The Creation of the Modern Celt: In this module, we explore how the concept of the Celt and the Celtic was used and manipulated in the Modern period. We consider a wide range of discourses (e.g., linguistics, archaeology, anthropology, art, music, literature, politics). We explore what is considered as Celtic material in these various fields, and discuss the main arguments which have been forwarded in the course of defining the term. Attention is also paid to the ideological reasons for the urge to use these concepts, and the influence this has on the ethnic and national identities of the Celts themselves. This module therefore, in comparison with Module 1, shifts the focus from the empirical to the interpretative, and the use of these interpretations.
There are four main areas:
A third module will be chosen by the student from among a range offered by various Schools in the University. This will allow the student to pursue his/her particular interests and, potentially, to begin to focus on material for the Dissertation.
Welsh Literature Option: This module explores the main aspects of medieval Celtic literacy, in poetry and prose, across a range of genres from the prose legends and the court poetry to the laws and the vitae (Lives of Saints and rulers). The main focus is on Wales and Ireland, but the other Celtic languages will also be considered.
Equally, we consider the continuation of these early traditions into the modern period up to the current day, and we ask what this evidence tells us about the attitudes of Celtic-language speakers to the concept of the Celtic. Visual and musical media are also given attention, and students will develop a critical awareness of the primary sources which are represented and misrepresented in many discussions of the Celtic.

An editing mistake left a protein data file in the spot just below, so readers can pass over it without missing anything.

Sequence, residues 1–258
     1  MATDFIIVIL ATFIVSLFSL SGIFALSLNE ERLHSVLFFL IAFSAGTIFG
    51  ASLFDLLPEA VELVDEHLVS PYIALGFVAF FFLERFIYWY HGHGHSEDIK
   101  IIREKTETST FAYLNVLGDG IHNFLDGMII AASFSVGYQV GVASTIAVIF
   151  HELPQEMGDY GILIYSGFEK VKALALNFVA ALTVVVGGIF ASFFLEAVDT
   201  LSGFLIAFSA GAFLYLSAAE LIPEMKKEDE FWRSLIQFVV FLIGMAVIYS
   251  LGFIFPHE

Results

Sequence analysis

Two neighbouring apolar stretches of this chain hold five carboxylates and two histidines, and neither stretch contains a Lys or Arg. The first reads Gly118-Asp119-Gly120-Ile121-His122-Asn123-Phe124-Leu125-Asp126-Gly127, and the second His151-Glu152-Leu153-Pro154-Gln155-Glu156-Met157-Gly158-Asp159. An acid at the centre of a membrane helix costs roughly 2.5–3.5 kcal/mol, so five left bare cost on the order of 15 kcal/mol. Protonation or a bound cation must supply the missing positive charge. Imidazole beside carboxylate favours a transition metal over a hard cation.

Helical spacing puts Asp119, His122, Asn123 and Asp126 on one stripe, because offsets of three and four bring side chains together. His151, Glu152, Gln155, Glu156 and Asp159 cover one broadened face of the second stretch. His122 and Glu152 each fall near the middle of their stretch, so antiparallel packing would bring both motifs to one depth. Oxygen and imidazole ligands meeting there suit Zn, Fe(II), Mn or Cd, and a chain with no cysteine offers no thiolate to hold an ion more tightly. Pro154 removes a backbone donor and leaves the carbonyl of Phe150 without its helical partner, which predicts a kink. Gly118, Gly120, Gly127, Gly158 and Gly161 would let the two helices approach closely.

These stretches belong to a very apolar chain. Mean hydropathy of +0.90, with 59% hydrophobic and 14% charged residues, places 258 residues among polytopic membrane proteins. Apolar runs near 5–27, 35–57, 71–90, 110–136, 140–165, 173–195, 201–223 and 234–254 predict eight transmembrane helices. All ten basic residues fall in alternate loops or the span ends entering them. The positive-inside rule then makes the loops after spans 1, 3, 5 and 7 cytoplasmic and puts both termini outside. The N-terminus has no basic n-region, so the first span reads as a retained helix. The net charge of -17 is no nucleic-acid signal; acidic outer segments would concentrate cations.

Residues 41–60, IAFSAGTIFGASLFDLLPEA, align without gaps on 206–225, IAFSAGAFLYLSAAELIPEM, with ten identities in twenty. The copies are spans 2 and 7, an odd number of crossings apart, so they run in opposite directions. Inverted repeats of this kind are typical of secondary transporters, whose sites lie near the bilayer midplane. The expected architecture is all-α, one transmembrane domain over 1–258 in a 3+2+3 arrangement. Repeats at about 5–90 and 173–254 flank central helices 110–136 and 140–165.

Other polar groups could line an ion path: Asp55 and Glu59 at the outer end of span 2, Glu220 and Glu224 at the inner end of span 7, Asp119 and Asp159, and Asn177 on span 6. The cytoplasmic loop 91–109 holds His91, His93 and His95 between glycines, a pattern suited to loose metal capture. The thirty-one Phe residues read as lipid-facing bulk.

This module has five main areas:
Non Welsh-speaking students may also take full advantage of the learning opportunities provided here in this Celtic-speaking heartland, either by attending a summer course in advance of the University year, or by taking advantage of weekly lessons on campus. Or both.
Universities in the United Kingdom use a centralized system of undergraduate application: University and College Admissions Service (UCAS). It is used by both domestic and international students. Students have to register on the UCAS website before applying to the university. They will find all the necessary information about the application process on this website. Some graduate courses also require registration on this website, but in most cases students have to apply directly to the university. Some universities also accept undergraduate application through Common App (the information about it could be found on universities' websites).
Both undergraduate and graduate students may receive three types of responses from the university. The first one, “unconditional offer” means that you already reached all requirements and may be admitted to the university. The second one, “conditional offer” makes your admission possible if you fulfill some criteria – for example, have good grades on final exams. The third one, “unsuccessful application” means that you, unfortunately, could not be admitted to the university of you choice.
All universities require personal statement, which should include the reasons to study in the UK and the information about personal and professional goals of the student and a transcript, which includes grades received in high school or in the previous university.